Currently reading: Throwback Thursday: 1951 Ferrari 212 Export road test
On 15 June 1951, we conducted a full road test of a Ferrari for the first time: the roofless, two-seat 212 Export sports car

By 1951, Ferrari was a well-established player in international motor racing.

Enzo Ferrari's Prancing Horse made its debut in the 1930s on Alfa Romeo grand prix cars, and after cutting cut ties with Alfa in 1939, he built the first car of his own – the Auto Avio Costruzioni 815 – in 1940.

The first Ferrari road car was the 166 Inter grand tourer of 1949. Essentially an evolved version of the 166 S racing car, 37 examples were produced.

Ferrari’s racing success continued after World War II, and José Froilán González then took Ferrari’s first Formula 1 win at Silverstone in 1951.

That same year, it produced the 212 Export, a 2.5-litre-engined two-seater sports car for the road, and the first Ferrari we here at Autocar ever got our hands on. As was the style at the time, buyers would commission a coachbuilder of their choice to design a body for Ferrari's chassis and mechanicals.

“Being individually made, Ferrari cars are very expensive,” we began. With a two-seater body, the 212 Export was priced at 5,600,00 lire, equivalent to £3,200 at the time - although it wasn’t on sale in the UK. Today, that would be £92,240 – nowhere near enough to buy you even the cheapest of new Ferraris.

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“It is not the most powerful sports model sold today,” we said. “That distinction probably belongs to the 4.1-litre America Ferrari which is just going into production – but its high speed acceleration exceeds anything previously recorded in The Autocar road tests.”

We found the 212 Export’s 140bhp V12 could propel it from 0-80mph in an average of 16.2sec, and 0-100mph in 22.5sec. And even then, our test car was limited – having just 400km on the clock, it was limited to 6500rpm – “the peak of its power curve, but not the absolute limit of its capabilities.” We also had to be kind to the gearbox, which included not maxing out first gear.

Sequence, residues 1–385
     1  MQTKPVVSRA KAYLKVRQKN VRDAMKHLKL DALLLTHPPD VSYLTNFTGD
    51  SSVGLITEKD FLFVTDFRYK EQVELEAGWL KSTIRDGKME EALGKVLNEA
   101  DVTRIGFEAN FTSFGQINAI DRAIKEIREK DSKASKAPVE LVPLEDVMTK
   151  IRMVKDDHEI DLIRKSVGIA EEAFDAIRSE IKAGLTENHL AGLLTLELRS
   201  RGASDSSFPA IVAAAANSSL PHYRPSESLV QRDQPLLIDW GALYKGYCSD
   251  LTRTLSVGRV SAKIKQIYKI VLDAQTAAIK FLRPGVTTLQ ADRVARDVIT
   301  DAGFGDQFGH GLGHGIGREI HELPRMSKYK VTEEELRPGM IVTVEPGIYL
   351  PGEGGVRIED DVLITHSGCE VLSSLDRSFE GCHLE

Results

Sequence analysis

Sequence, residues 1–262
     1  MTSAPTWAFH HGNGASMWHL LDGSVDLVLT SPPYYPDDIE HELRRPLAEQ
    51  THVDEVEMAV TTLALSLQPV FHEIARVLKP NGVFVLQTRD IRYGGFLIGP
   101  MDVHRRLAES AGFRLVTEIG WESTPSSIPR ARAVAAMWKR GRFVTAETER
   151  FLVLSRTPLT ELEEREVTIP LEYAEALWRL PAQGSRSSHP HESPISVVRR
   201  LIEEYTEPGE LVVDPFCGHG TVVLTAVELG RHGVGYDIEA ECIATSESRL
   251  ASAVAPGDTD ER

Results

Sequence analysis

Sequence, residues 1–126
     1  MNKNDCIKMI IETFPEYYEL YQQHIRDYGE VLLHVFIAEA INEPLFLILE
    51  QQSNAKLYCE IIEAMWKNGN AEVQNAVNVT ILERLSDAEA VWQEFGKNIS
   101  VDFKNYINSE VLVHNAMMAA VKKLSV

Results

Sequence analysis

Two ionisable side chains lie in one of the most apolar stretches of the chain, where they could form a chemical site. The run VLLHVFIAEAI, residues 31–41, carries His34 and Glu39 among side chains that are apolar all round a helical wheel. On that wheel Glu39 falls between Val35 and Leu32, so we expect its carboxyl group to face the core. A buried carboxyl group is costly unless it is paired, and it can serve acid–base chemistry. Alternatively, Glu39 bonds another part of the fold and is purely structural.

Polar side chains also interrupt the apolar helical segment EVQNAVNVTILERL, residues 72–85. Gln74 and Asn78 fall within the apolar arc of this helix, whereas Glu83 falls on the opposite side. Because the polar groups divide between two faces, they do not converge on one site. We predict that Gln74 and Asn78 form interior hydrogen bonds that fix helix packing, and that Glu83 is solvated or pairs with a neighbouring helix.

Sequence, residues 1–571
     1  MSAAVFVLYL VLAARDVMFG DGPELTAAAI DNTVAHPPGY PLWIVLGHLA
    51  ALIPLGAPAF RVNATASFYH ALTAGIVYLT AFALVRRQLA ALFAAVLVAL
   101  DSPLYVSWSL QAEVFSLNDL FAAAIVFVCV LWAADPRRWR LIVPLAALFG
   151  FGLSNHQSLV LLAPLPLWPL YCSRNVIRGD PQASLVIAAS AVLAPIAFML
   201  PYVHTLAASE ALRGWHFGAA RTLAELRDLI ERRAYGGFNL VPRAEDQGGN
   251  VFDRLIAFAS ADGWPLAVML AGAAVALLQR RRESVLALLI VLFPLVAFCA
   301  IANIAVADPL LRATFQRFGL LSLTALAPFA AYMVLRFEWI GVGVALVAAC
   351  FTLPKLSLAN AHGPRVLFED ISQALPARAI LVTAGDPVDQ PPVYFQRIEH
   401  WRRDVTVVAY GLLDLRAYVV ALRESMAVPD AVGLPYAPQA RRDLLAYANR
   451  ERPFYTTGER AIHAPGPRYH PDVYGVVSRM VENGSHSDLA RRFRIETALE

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“Ferrari’s chief tester accelerated smoothly away from 10mph up to over 90mph, still in fifth gear, as though he were driving the most tractable of family cars, but at a pace which few cars could equal even when driven flat out through the gears.”

We also said that the smooth progression in gear from 1000 up to 6500rpm “brings to mind the gas turbine cars of the future”. Eh?

Due to a near-flat torque curve from 3000 to 5000rpm, “the rate of acceleration on each gear is maintained over a wide range of speed.” This meant that despite being as fast as previous 2.0 and 2.3-litre Ferraris, the 212 Export could be driven much more “lazily” while still giving “all the performance that most people can use”.


“However,” we said, “there are subtleties in food, wine, painting and music, which only the initiated can savour fully, and the same applies in motoring. There are few machines which have a capacity for brilliant performance and instant response to the will of the driver, but yield their best only to the skilful hand which controls them with sensitive appreciation, and the Ferrari is one of them.”

We certainly didn’t find the gearbox easy to use; of the five gears (a novel concept at the time), fourth gave direct drive, while second, third and fifth were in constant mesh, with fifth being geared up. “The box has to be learned, but it yields rewards in a complete mastery over the vehicle which is not at present to be enjoyed by any driver who hands over control of his transmission to a series of oil pumps and electrical relays”.

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You needed a flick of the throttle if you wanted to shift, but the instant response from the 212 Export’s 2.5-litre engine made this no problem at all.

“The hardened car critic will carry in his memory for years those first few moments of acceleration, with the wind howling, the engine screaming and the horizon rushing to meet him. He is happy just to hurtle down a straight stretch of road and enjoy the strange intoxication of speed. Cornering, he tells himself, can come later, and then he realizes that he has just swept through an S-bend at 80mph instinctively, safely, and almost without noticing it.”